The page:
Nasal obstruction during pregnancy, or rhinitis of pregnancy, has been accepted as a distinct and very common pathological and clinical entity for many years. It is believed to occur in anywhere from 5-32% of pregnant women and most commonly is first noted during the end of the first trimester, and may persist up to the time of delivery or a few weeks afterward. The nasal obstruction is associated with clear rhinorrhea and physical exam shows edematous nasal mucosa. This condition is caused by a number of related factors. The generalized increase in interstitial fluid volumes seen during pregnancy also affects the nasal mucosa, and is made worse by the direct effect of estrogen on the nasal mucosa, which causes increased vascularity and mucosal edema. Electronmicrographic and histochemical studies performed by Toppozada on the respiratory epithelium of pregnant women have suggested that an overactivity of the parasympathetic system leading to increased glandular secretion and vascular congestion is responsible for the state of nasal congestion. This overactivity of the parasympathetic system may be an allergic response to placental proteins, fetal proteins or a women's own sex hormones.
The treatment of this condition is complicated by the fact that many patients seek relief from over the counter topical decongestants, leading to a superimposed rhinitis medicamentosa, and the fact that the physicians are limited in terms of the medications that are safe to use during pregnancy. While the use of antihistamines has not been linked to any increases in the rate of fetal malformations, certain antihistamines carry a warning in the PDR that they should not be used during pregnancy. Systemic decongestants, while not teratogenic, carry the theoretical risk of causing placental insufficiency due to vascular constriction, and of aggravating hypertension of pregnancy. In light of this, the physician must carefully consider the risk benefit ratio before prescribing either of these two classes of medications Antibiotics should only be administered for specific infections, such as purulent sinusitis that may develop as a result of the generalized mucosal edema. Corticosteroid nasal aerosols may be very useful in refractory rhinitis of pregnancy as well as in treating superimposed rhinitis medicamentosa. Because of the very low systemic absorption seen at therapeutic dosages, the use of nasal steroids is safe during pregnancy. Lastly, intraturbinal corticosteroid injection, while not very popular, can be very effective in severe rhinitis, and has no risks other than those inherent to the procedure, namely inadvertent embolization to the retinal artery. The rate of systemic absorption is extremely low and thus its use during pregnancy is considered safe.
So I've been shooting Flonase. I've been taking Claritin. I'm huffing Vicks. I even ate Chinese for lunch just so I could eat the spicy mustard by the spoon. It's not helping. I need a decongestant. And now? I probably need an antibiotic too, because I'm pretty darn sure this has turned into a full blown sinus infection. I have "safed" myself into a sinus infection. Whee.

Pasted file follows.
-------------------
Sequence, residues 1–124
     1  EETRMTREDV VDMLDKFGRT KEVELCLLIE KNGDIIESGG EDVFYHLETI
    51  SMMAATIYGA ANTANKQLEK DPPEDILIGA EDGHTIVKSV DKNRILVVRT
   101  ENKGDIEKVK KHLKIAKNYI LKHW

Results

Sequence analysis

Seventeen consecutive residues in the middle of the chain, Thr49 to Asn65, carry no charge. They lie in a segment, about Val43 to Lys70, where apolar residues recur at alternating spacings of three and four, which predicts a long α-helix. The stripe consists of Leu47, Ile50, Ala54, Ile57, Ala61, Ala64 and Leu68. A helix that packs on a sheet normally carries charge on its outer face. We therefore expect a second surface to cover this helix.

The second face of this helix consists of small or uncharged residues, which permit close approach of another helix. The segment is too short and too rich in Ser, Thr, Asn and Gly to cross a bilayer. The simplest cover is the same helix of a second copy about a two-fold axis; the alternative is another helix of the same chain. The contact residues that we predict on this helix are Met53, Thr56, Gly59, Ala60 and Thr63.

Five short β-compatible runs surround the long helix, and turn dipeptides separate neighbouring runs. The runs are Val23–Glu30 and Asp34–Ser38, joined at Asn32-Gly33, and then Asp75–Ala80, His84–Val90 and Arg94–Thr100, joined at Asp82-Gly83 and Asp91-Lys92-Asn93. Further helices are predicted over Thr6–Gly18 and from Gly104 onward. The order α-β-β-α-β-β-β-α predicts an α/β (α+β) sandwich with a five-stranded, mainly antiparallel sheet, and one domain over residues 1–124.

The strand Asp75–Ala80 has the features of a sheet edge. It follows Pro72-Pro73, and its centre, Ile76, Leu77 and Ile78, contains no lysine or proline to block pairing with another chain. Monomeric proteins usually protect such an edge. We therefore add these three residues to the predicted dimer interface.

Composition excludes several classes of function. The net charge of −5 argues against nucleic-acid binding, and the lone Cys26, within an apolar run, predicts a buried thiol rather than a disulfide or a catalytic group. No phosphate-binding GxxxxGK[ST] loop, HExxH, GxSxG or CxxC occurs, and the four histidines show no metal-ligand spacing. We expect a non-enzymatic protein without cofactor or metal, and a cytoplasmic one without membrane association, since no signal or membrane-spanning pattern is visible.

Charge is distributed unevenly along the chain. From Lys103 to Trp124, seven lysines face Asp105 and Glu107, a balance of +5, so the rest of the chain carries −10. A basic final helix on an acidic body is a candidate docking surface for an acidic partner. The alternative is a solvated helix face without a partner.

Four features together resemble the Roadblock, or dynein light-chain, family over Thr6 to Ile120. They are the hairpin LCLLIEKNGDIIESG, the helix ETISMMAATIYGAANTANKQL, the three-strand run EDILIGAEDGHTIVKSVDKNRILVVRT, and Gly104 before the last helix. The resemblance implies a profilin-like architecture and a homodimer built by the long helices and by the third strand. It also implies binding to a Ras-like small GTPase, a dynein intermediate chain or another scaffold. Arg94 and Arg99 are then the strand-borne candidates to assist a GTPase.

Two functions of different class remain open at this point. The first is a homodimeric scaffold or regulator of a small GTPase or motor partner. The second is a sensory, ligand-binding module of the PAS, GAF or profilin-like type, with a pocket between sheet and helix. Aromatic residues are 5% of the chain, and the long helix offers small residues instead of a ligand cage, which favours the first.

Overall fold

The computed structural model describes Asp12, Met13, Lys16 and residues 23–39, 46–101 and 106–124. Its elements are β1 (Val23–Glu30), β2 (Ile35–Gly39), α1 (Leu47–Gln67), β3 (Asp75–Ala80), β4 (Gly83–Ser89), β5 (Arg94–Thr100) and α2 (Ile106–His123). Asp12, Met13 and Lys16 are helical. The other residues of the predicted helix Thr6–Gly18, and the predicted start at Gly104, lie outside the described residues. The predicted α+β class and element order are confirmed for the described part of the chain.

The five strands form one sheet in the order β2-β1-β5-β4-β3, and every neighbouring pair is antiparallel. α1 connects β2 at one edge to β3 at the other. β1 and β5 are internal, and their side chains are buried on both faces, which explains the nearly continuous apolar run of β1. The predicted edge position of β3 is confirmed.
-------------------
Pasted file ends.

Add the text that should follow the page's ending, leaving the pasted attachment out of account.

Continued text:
If there are any of you who know what I'm talking about and have some advice, please feel free to leave it for me.
Labels: General Bitching, Try Try Again----- COMMENT: AUTHOR: Tracy DATE:Tuesday, May 29, 2007 at 1:15:00 AM EDT I feel your pain. I, too, had rhinitis of pregnancy (about a year ago to the day!) and it was so bad that I ended up whacking my eardrum out of place and had to take nasal steroids in order to hear again out of one ear. I know this grosses a lot of people out, but may I highly recommend sinus washing. NeilMed makes a lovely nose douche that will clean out your sinuses and make you feel SOOOO much better! Promise! And there's no meds, so you don't have to worry about how it affects the baby! ----- COMMENT: AUTHOR: Paper Whore DATE:Tuesday, May 29, 2007 at 7:54:00 AM EDT I had that too in the first trimester of my pregnancy with Gavin. I ended up needing a prego-safe antibiotic (K-pac or K-flex or some ancient antibiotic). My doc also recommended the Robitussin that only has Guaifenesin in it (no other active ingrediants). You might ask your doctor about that, too. Are you going through your OB or PCP? I found I had much better luck with my OB because they were more current on what meds are safe for pregnancy. ----- COMMENT: AUTHOR: gail DATE:Tuesday, May 29, 2007 at 11:35:00 AM EDT Gah, suckage....... I hope you feel better soon! ----- COMMENT: AUTHOR: Oh, The Joys DATE:Tuesday, May 29, 2007 at 12:28:00 PM EDT Aw, nuts. That sounds sh*tty sh*tty sh*tty. ----- COMMENT: AUTHOR: KimmieRo DATE:Tuesday, May 29, 2007 at 1:08:00 PM EDT I recommend NeilMed too. It feels gross, like when you get water up your nose swimming- but it helps SO much. You can get it in the pharmacy section at most stores. All it is is warm water mixed with a little packet of baking soda and salt. So no drugs, just relief! ----- COMMENT: AUTHOR: Luanne DATE:Friday, June 1, 2007 at 10:48:00 AM EDT Hi. I just found your blog today from reading another. I am 25 wks. and have had a stuffy nose since at least wk. 6. I was told I could take the Robitussin DM, Sudafed, and Children's Benadryl to help me sleep. I was doing great with all that until about 3 days ago when my other children had a cold and shared with me so nicely. Now I feel as though I am back to square one. I have also used Afrin nasal spray, it dries you out in the nose and seems to help and I couldn't find anything dangerous on using it. Good luck! ----- COMMENT: AUTHOR: DATE:Friday, December 4, 2009 at 6:01:00 AM EST [url=http://community.bsu.edu/members/buy+online+Viagra.aspx]buy cheap Viagra online no prescription[/url]